President Barack Obama will become the first sitting U.S. president to visit Myanmar, highlighting the country’s shift to democracy under his tenure, when he makes a trip to three Southeast Asian nations this month.
Obama will meet President Thein Sein and opposition leader and former political prisoner Aung San Suu Kyi in Yangon, Myanmar, as part of U.S. efforts to encourage greater political freedom in the country formerly known as Burma. The Nov. 17-20 trip announced yesterday is built around a summit in Phnom Penh, Cambodia, where Obama will meet with leaders from China, Japan, Russia, India and other Asia-Pacific countries.
Thein Sein’s decision to release some political prisoners and engage with political opponents prompted Obama to ease sanctions and authorize U.S. companies to invest in Myanmar for the first time in about 15 years. Coca-Cola Co., Unilever NV and Visa Inc. have recently announced moves in the country.
“It is an important symbolic gesture of gradual normalization of relations,” Johannes Lund, a Singapore-based analyst at Control Risks, said in an e-mail. “It gives further political support within Myanmar to Thein Sein in his reform efforts, as well as provides a signal to the U.S. business community that the U.S. is sincere in its commitment to Myanmar’s reforms.”
Thein Sein took power last year after his party won an election that ended about five decades of direct military rule. He has dismantled a fixed exchange rate, eased media censorship and held talks with opponents.
This month he signed a foreign investment bill after lawmakers removed protectionist clauses inserted in earlier drafts, clearing the way for multinationals to spend more in the country. The outcome presents a victory for Thein Sein over groups concerned that local companies would lose out as Myanmar woos foreign investors.
Obama’s visit is premature because it rewards the government at a time when human rights abuses of political prisoners remain and violence continues in the western part of the country, according to Phil Robertson, deputy Asia director at New York-based Human Rights Watch. Clashes over the past month in western Myanmar between ethnic Rakhine Buddhists and Muslim Rohingya have killed at least 89 people.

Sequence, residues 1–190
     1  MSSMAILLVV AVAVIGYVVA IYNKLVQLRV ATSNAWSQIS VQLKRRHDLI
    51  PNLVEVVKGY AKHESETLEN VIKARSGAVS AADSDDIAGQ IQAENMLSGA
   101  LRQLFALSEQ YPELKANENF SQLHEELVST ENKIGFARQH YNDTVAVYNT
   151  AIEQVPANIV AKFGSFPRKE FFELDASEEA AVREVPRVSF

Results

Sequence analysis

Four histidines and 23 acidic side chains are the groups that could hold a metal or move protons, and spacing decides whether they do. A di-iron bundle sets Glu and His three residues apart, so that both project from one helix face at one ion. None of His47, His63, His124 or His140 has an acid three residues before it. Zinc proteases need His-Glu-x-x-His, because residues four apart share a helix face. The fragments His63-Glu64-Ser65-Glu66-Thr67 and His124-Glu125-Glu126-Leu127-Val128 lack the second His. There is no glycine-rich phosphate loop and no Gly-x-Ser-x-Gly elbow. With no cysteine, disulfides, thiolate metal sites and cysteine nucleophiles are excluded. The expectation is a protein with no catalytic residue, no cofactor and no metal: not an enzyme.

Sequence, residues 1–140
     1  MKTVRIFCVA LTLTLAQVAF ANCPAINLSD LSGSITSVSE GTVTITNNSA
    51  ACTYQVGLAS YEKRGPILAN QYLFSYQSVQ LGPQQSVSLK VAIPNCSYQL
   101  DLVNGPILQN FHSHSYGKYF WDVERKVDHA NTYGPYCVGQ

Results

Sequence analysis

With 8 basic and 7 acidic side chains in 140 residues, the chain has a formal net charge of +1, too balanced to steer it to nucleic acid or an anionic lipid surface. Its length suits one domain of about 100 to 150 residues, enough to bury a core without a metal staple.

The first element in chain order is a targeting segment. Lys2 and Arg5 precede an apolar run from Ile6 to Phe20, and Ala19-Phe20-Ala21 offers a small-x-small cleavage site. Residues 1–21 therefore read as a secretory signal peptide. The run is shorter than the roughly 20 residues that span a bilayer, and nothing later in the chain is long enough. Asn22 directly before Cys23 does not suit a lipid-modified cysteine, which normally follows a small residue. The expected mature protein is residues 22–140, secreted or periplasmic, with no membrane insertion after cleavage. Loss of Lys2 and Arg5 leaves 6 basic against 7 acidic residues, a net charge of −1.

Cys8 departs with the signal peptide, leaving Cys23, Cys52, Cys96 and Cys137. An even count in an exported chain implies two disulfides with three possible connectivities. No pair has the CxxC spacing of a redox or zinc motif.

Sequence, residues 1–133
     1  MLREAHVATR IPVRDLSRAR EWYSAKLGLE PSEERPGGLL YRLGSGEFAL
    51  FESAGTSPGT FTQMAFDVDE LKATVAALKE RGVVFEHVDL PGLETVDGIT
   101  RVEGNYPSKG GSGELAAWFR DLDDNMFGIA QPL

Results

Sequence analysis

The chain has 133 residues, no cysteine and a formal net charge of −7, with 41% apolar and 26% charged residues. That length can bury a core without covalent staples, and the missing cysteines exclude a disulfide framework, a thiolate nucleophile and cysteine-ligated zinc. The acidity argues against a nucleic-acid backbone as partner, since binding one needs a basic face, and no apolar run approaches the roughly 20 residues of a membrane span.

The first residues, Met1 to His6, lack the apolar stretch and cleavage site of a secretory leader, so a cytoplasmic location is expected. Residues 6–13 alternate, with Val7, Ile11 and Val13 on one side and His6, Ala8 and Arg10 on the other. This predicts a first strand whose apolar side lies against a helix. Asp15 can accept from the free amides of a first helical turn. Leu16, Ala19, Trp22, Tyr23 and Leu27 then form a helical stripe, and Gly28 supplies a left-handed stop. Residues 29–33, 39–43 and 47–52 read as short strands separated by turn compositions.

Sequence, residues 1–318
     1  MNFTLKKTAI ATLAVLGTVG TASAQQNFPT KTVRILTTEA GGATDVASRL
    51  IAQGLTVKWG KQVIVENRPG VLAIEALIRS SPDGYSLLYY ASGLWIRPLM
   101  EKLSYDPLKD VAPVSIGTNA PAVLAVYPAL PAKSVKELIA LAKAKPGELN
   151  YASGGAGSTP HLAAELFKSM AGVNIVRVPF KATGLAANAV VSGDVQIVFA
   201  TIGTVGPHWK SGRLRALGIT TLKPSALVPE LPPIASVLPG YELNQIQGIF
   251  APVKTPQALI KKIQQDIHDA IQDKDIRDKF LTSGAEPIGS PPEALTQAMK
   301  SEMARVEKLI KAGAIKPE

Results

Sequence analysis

“His policy of engaging with governments that are hostile to the U.S., if you look around the world, there are not many places where it succeeded,” Robertson said by phone, referring to Obama. “The one place you can really see progress is Burma. In some ways there’s a sense of vindication for that policy that’s being played out.”
With the conflict in Iraq over and the war in Afghanistan winding down, Obama has been moving to reassert U.S. power in Asia. The region is a key part of his strategy to expand American imports in competition with China, the world’s second-largest economy.
The president’s first foreign trip following his Nov. 6 re-election also includes a stop in Thailand, where he will meet with Prime Minister Yingluck Shinawatra in Bangkok.
“Obama also has the capacity to now follow through on becoming the first U.S. president to focus on explaining to Americans why Asia is important,” Ernest Bower of the Center for Strategic and International Studies in Washington wrote in an e-mail. “He is likely to pursue his self-proclaimed legacy as ‘the first Pacific President of the United States’ by trying to build a political foundation for American engagement in Asia.”
U.S. oil companies ConocoPhillips and Chevron Corp. are scouting opportunities in Myanmar’s oil and gas industry, which accounted for 77 percent of the $3.8 billion in foreign investment the country attracted from 2005 to 2010. Natural gas exports increased to about $3 billion last year and are expected to rise in 2013 as more gas fields and pipelines become operational, according to the Asian Development Bank.
Myanmar’s economy will expand 6.2 percent this year, the International Monetary Fund said an October. The forecast compares with 5.1 percent growth in Vietnam, 4.8 percent in the Philippines and 6 percent in Indonesia.